The others are right too... it ain't always the gear! I can't count how many hands an old Cortland kit has been in and how many people it helped hook on the sport.
For the record, I've had exactly one casting class. The guy got me to where I had the basic fundamentals. Then, I practiced. I know when I've made a good cast and when I'm botching it up. I usually botch it up when I try to force it rather than let the rod do the work and ease up. It takes a deep breath sometimes....
I purchased a Quarrow 9' 5wt a few weeks ago. I want to cast it next to my older St. Croix Imperial to see if it feels any different. I did notice that it has a few more snake guides on it and there is another round guide above the stripper guide. (LIke a stripper needs a guide...sheesh).
I can equate the distance casting and quality of equipment to canoing. We do a lot of paddling with a lot of different people who always seem to slam others who are out in a lower quality boat. My standard remark now is that I would rather see people out enjoying our sport, regardless of their skill level or quality of gear. I think the same applies to fly fishing. If new fly fishers feel that their equipment or skills are being snickered about, then our sport becomes a sport of classes, and will eventually die. Why can't we just be glad that new people are willing to try it out, and do what we can to make sure that they enjoy the experience. Quality equipment and skill levels will look after themselves.
That all sounds kind of preacher like, but I'm tired of the BS. I fly fish because I like the entire sport, I really don't care if someone can cast farther than me or has better gear
The snobbishness I see works both ways. There are the good 'ol 'my stuff is better than your stuff' snobs, then there are the 'my stuff is cheaper than your stuff but I catch just as many fish' snobs.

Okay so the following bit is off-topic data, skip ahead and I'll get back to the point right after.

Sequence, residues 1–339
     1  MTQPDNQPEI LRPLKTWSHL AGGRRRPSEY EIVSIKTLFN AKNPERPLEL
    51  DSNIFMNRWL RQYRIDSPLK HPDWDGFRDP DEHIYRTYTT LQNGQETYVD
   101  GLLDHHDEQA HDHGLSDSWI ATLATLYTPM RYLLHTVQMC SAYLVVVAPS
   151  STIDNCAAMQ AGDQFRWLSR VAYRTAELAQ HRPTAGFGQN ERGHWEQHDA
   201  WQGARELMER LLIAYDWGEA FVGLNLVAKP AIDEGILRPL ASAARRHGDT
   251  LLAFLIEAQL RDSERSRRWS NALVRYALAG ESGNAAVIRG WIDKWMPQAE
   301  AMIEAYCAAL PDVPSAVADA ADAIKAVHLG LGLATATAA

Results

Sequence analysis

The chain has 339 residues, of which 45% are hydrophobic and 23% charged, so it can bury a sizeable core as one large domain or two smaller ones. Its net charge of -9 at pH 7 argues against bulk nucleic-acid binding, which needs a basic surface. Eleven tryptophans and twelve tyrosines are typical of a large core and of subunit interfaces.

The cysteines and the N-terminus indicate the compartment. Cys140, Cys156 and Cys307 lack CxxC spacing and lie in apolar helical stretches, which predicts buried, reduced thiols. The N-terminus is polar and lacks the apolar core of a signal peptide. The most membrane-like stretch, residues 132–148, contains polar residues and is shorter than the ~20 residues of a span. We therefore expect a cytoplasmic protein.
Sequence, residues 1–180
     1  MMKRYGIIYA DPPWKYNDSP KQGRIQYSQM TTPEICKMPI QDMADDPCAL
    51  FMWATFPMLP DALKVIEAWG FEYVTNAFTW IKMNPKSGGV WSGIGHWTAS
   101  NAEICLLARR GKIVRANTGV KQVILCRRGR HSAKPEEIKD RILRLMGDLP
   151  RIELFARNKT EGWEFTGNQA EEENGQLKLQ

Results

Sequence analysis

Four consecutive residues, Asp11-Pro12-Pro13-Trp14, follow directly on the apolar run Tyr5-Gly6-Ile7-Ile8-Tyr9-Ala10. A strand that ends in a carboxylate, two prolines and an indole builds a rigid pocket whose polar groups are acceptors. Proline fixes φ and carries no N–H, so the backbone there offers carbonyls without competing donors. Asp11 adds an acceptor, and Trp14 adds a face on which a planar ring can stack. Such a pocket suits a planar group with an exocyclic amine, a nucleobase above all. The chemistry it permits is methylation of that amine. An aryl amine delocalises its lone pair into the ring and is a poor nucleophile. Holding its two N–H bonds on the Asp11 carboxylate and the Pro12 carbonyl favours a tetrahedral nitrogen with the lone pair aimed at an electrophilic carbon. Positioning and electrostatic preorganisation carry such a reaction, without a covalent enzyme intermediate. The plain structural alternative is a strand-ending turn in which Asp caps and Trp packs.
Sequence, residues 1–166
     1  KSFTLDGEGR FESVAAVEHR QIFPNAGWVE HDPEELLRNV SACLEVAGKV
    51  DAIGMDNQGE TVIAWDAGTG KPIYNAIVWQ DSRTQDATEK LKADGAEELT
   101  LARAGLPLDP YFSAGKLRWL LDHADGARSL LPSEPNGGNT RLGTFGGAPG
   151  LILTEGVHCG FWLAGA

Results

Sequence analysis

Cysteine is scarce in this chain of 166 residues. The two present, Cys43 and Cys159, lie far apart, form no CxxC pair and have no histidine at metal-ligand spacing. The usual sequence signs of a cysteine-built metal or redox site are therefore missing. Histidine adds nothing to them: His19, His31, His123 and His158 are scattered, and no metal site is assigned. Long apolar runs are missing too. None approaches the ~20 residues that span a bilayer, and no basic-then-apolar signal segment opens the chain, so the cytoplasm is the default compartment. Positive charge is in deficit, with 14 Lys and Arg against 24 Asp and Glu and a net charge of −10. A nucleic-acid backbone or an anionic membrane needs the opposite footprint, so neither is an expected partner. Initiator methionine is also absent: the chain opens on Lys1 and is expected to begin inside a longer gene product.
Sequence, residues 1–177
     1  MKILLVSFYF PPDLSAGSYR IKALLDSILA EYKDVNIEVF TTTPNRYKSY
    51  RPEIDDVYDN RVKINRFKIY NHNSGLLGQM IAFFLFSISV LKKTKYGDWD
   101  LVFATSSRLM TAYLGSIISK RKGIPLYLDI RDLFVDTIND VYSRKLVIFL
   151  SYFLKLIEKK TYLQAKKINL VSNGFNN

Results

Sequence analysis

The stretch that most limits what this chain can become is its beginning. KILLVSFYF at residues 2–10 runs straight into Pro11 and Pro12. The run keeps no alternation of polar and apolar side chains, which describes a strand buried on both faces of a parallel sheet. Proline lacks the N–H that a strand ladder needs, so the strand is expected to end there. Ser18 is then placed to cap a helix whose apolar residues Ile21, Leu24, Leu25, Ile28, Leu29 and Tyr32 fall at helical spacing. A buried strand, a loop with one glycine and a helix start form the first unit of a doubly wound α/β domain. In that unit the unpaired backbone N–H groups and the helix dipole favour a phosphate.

I won't even get into the bass boat and bamboo snobs!
What anyone else is using shouldn't be anyone elses concern. The exception I take to that is is a newby lets say has the bug but is trying to work with an old, slow level line or mismatched gear. You're doing them no favors by not offering proper equipment for the job. It can and will make their time on the water that much more enjoyable.
I believe this is a good topic one that can be argued from many different angles. I originally got into fly fishing because I know you have the potential to cast further fly fishing than you have conventional fishing. Where I fish in Canada there is a bay called muskie bay. At the start of the muskie season the bay is 1-1.5 feet deep. Too shallow to get a boat into and too far away to hit it in a boat that is not powered. Our boat, a ranger 619 with a 200 HP merc on it going 50-60 miles per hour on the water it takes us an hour to get to this bay. The reason why this bay is the best, the bottom is unique and muskie come here to come into the sun and spawn also. Two years ago in August a man caught a 50" muskie from a kayak that he towed in his boat. I believe that I can have similar success using a fly rod casting 80-90' in deep enough water where my boat won't bottom out. For me casting long distance is a must. To a salt water fisherman that is the same. For a trout fisherman distance is not important.
I can double haul pretty well but my mending and roll casting are awful. I could not mend if my life depended on it. But I never fish where I need to mend.